dreadful (p, ll)
 High power, high luck  very good (ppp, ll)
 good (pp, ll)
 poor (p, lll)
p = power has a little role in determining catch rate
pp = power has a considerable role in determining catch rate
ppp = power has a significant role in determining catch rate
l = luck has a little role in determining catch rate
ll = luck has a considerable role in determining catch rate
lll = luck has a significant role in determining catch rate

What does the chart say?
  • High power can comfort you in catching mice that are in par with, or weaker than, the trap. But it helps very, very little in catching mice that are far more powerful than your trap.
  • High luck is necessary to catch mice that are far more powerful than your trap.
  • Depending on the location and your objective, you need to decide carefully when choosing between alternative traps.
    • Your objective: to catch a zombie (overpowering) in the lab to get the Mousoleum cloth. You need luck.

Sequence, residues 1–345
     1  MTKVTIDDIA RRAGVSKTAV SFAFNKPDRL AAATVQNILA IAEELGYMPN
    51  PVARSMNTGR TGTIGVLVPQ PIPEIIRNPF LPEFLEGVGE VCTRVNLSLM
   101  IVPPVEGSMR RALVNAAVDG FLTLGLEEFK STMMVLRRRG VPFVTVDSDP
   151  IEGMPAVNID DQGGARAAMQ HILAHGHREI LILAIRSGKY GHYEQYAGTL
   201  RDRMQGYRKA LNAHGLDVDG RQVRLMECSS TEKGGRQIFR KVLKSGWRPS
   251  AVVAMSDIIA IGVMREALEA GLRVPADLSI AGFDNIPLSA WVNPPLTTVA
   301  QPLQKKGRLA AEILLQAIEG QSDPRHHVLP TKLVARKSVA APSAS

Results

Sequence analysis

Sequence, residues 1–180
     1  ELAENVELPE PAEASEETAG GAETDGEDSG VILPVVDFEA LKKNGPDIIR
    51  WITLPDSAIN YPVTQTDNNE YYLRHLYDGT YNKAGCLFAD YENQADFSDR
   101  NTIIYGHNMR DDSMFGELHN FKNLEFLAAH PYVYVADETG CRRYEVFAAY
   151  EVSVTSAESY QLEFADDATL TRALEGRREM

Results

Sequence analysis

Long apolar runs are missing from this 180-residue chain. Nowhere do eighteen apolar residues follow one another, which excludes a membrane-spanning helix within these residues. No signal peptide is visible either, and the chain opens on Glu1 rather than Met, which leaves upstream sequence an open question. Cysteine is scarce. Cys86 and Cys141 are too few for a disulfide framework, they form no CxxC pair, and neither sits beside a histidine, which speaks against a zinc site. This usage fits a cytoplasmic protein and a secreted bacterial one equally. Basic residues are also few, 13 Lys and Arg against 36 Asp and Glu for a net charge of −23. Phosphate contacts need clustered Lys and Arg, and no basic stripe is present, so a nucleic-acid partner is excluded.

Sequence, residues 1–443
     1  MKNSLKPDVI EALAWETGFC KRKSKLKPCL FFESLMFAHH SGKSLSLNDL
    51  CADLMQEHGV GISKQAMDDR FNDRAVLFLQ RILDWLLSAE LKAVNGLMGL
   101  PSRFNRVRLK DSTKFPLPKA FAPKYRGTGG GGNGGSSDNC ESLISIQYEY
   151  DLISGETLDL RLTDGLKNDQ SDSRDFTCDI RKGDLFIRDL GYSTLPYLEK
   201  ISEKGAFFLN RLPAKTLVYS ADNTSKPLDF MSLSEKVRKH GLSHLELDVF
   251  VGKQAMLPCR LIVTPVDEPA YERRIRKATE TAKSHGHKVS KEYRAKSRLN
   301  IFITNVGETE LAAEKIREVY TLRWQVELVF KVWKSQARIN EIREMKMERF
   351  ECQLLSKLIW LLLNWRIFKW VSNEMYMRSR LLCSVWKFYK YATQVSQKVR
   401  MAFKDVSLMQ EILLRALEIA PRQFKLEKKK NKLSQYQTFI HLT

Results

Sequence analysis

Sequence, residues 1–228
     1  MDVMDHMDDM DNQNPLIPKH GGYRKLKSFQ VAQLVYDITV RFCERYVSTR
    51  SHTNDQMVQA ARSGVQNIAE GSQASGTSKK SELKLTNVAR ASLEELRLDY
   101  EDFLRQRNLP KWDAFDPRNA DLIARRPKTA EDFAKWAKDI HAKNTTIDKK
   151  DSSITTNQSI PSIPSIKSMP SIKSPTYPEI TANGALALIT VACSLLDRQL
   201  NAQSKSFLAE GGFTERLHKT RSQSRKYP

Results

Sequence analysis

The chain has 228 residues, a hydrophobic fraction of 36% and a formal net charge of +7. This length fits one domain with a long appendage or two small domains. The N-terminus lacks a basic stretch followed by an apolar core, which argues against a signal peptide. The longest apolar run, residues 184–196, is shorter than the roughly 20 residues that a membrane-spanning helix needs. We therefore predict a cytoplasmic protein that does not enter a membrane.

• Your objective: to maximize gold in the meadow (mostly, weak mice). You need power.
You don't need to believe this, as it is from the "input" point of view. Use different traps, see your hunter's journal ("output" of the five parameters) and compare stats to confirm your understanding. Mousehunt Log Summarizer is my recommended tool for you.

Is gold per hunt always lower than gold per cheese? Point per hunt always lower than point per cheese?

This is a common misperception. You should read the cheese per hunt metric again if you are still in doubt. If that does not help, then let me explain a bit further. It is possible that cheese used per hunt is higher than 1 in these scenarios:

  • you are hunting in locations where mice steal extra cheese in addition to bait cheese
  • attraction rate is very low and/or the cheese effect is very negative.
That's why sometimes gold per hunt can be higher than gold per cheese and point per hunt can be higher than point per cheese.

Is gold per hunt always lower than gold per catch? Point per hunt always lower than point per catch?

Almost "Yes" to both questions. All catches are qualified as hunts. If you catch a mouse in every hunt, then per-catch, per-cheese and per-hunt figures will be the same. Otherwise, per-hunt is lower than per-catch figures.

Can't find what you want?

This article will be updated from time to time.
Feel free to Visit this thread to post questions and discuss with fellow hunters. If your comment is published to this article, you will win some Super Brie from me as a thank you.